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Vol. 9 - Issue 2
February 26, 2020


Court Decides If A “Stub” Period Gets A Separate Limit


Boy I haven’t seen a case addressing a “stub” period for a while.  This is the (unofficial) name used to describe a policy on the risk for at least a full year and then part of a subsequent year.  Think of a policy on the risk for 15 months.  The first 12 months are one policy period.  The next 3 months are the “stub period.” 

Why does this matter?  The question sometimes arises whether the “stub” period is subject to its own limit of liability – the same as the prior 12 month period – or is simply tagged-on to the prior 12 month period.  In other words, the prior 12 month period is now longer, but subject to the same limits.

This issue previously came up a fair amount in the context of claims for asbestos bodily injury and hazardous waste, under decades-old policies, that were often-times issued for three year periods.  The policy would be cancelled early.  Say, after 28 months.  There are now 2 policy periods of 12 months each and a stub period of 4 months.  Does the 4 month stub period gets its own full limit or is the prior 12 month period now 16 months and subject to the same limit? 

The question was particularly acute in O’Reilly Auto Enterprises v. United States Fire Insurance Company, No. 17-3007 (W.D. Mo. Jan. 27, 2020) where the stub period was just 2 months.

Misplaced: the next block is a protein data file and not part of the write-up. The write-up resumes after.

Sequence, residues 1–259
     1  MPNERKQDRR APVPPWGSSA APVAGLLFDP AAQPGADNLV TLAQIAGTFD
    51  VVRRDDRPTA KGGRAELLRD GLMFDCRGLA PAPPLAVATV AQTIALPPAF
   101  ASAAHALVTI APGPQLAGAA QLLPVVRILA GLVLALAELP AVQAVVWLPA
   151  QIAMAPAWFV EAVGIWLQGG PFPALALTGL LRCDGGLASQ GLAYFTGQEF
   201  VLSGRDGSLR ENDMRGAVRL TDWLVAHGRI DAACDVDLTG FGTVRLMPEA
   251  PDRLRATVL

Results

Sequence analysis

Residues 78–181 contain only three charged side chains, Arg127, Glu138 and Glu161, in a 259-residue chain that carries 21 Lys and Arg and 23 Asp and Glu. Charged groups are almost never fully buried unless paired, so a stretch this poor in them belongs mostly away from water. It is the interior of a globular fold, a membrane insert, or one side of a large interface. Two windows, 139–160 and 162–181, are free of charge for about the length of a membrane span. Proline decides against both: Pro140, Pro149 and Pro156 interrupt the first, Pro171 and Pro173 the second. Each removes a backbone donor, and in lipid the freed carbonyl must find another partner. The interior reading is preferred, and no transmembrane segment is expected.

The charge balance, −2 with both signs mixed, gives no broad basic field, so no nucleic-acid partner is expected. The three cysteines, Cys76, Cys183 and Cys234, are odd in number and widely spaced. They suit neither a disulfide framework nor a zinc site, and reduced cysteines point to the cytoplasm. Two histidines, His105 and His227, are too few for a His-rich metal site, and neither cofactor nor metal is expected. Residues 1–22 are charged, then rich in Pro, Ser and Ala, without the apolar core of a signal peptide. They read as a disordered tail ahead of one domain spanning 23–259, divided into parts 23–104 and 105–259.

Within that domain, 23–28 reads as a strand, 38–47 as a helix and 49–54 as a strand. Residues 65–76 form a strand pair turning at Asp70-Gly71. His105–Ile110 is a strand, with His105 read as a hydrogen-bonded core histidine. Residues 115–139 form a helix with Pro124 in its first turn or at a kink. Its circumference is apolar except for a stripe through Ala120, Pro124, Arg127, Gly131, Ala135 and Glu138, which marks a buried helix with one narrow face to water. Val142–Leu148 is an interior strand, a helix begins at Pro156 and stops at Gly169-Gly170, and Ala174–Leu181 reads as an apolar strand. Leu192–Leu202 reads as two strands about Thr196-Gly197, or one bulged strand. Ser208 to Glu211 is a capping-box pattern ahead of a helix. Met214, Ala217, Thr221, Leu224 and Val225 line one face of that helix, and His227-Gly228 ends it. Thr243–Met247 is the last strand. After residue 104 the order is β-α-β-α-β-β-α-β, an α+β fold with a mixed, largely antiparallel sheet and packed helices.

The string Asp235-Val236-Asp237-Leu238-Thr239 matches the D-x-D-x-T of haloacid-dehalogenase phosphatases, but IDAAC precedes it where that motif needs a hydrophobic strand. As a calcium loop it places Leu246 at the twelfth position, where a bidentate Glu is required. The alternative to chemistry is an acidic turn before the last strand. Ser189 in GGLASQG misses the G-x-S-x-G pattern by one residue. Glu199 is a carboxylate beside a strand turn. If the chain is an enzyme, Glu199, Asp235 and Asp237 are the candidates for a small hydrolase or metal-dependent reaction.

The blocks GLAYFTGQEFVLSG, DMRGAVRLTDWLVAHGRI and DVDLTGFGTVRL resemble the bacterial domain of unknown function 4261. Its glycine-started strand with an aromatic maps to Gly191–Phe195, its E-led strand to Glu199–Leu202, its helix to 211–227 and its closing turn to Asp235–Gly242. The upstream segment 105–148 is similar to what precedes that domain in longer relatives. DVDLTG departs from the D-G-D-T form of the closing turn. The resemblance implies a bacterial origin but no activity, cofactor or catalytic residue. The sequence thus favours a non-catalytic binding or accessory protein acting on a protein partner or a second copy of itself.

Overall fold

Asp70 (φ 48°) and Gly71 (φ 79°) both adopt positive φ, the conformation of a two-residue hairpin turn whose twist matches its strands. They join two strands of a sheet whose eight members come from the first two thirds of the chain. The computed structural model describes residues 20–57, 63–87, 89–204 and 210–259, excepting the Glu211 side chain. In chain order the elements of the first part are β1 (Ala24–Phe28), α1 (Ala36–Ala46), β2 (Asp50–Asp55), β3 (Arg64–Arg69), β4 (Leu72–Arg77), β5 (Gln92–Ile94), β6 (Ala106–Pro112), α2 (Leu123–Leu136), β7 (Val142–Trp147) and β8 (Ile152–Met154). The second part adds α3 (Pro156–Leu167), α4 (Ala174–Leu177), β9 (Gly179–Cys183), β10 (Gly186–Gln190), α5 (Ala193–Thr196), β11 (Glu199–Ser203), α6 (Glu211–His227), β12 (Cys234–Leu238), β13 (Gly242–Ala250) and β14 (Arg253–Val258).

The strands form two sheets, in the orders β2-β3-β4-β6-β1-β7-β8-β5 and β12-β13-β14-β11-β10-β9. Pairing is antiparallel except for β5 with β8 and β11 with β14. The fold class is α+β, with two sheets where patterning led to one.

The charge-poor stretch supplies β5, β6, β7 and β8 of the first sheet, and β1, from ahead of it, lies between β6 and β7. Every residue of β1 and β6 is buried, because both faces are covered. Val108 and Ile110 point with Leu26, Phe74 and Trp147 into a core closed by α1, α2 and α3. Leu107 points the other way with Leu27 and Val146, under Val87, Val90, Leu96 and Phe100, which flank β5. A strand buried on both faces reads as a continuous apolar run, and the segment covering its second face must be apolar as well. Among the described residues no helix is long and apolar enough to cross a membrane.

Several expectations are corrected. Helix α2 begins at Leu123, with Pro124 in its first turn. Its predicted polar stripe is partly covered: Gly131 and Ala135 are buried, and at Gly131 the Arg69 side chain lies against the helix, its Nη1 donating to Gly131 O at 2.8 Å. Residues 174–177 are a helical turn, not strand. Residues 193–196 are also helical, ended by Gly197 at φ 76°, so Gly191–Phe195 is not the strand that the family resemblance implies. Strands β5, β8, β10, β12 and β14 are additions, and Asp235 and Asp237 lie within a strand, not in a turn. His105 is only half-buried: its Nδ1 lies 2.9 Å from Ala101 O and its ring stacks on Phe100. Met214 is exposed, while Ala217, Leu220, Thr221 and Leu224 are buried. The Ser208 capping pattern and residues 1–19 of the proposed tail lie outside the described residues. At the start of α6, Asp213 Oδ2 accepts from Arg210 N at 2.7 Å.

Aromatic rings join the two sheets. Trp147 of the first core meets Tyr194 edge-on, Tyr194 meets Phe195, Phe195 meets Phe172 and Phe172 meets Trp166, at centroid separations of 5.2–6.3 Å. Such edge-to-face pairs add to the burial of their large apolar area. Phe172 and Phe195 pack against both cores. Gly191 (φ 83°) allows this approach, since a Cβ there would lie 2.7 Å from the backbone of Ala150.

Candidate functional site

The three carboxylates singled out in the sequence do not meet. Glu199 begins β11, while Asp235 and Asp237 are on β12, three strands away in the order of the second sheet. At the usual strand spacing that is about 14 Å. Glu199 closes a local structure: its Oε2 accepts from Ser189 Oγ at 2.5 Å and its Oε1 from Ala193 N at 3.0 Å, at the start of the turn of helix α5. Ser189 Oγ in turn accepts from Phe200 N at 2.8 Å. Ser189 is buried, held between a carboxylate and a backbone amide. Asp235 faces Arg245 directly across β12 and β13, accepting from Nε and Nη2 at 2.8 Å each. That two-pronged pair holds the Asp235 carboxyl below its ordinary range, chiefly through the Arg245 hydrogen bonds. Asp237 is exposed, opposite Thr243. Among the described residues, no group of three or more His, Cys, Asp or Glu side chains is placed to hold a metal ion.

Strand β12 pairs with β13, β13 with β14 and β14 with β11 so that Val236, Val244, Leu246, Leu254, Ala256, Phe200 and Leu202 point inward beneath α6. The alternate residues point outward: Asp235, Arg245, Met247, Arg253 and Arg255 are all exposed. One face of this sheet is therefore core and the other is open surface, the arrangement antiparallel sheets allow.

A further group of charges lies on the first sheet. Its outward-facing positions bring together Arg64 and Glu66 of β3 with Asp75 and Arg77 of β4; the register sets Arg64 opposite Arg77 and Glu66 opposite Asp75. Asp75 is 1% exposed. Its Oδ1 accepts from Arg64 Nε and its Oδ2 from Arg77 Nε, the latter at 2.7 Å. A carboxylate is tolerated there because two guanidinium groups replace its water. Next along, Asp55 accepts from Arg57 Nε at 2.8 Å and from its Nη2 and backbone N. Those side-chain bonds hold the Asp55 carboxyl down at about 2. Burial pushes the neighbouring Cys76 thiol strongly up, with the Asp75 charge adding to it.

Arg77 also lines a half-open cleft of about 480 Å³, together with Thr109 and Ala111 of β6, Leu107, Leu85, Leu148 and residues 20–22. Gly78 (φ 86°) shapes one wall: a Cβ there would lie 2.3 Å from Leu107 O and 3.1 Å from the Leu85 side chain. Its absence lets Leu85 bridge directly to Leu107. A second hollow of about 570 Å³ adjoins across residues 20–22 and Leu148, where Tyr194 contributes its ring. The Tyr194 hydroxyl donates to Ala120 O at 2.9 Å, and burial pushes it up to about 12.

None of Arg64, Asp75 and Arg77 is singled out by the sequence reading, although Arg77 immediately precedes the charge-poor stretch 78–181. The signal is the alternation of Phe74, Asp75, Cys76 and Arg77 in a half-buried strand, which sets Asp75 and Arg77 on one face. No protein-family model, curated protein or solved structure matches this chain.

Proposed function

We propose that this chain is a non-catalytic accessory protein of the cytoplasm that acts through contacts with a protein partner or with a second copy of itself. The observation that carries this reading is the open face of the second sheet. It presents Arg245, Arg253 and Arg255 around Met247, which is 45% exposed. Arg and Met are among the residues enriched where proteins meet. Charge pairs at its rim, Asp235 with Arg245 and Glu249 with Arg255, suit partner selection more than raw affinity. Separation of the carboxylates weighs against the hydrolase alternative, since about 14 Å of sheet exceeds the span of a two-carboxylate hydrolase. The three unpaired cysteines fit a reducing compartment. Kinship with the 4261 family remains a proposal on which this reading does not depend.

The court in O’Reilly addressed a few asbestos bodily injury coverage issues.  But I’ll discuss just the stub period here.  Admittedly, O’Reilly is not your typical stub period case, as the policy at issue specifically addresses the issue more than in other cases.  But it is still a worthwhile decision for anyone tackling a stub period.

The policy giving rise to the stub period dispute was issued by U.S. Fire from May 22, 1987 to May 22, 1990.  However, it was cancelled effective July 22, 1988.  Thus, it now had a 12 month period from May 22, 1987 to May 22, 1988 and a 2 month stub period from May 22, 1988 to July 22, 1988.

As you can imagine, U.S. Fire argued that the policy provides $2 million in limits.  The insured saw it differently, arguing that the policy was subject to two sets of $2 million limits.

Of significance, the policy contained the following limits of liability provision: “The limits of the insurance apply separately to each consecutive annual period and to any remaining period of less than 12 months, starting with the beginning of the policy period shown in the Declarations, unless the policy period is extended after issuance for an additional period of less than 12 months. In that case, the additional period will be deemed part of the last preceding period for purposes of determining the Limits of Insurance.”

Also relevant, the endorsement that cancelled the policy – Endorsement 29 -- provided as follows: “IT IS AGREED THAT THE EFFECTIVE DATE OF CANCELLATION IS AMENDED TO JULY 22, 1988.  IT IS FURTHER AGREED THAT THE TERMS AND CONDITIONS FOR THE POLICY PERIOD MAY 22, 1987 TO MAY 22, 1988 ARE EXTENDED TO JULY 22, 1988.”

Reading these provisions together, the court was left with two questions: “[D]oes Endorsement 29 result in a ‘remaining period of less than 12 months,’ which would provide a separate $2 million in coverage, or does it result in ‘an additional period of less than 12 months,’ which would provide no additional coverage?”

The court examined the circumstances, the little there was, surrounding the issuance of Endorsement 29.  That didn’t resolve the ambiguity.  So you don’t need me to tell you what the court’s decision was.


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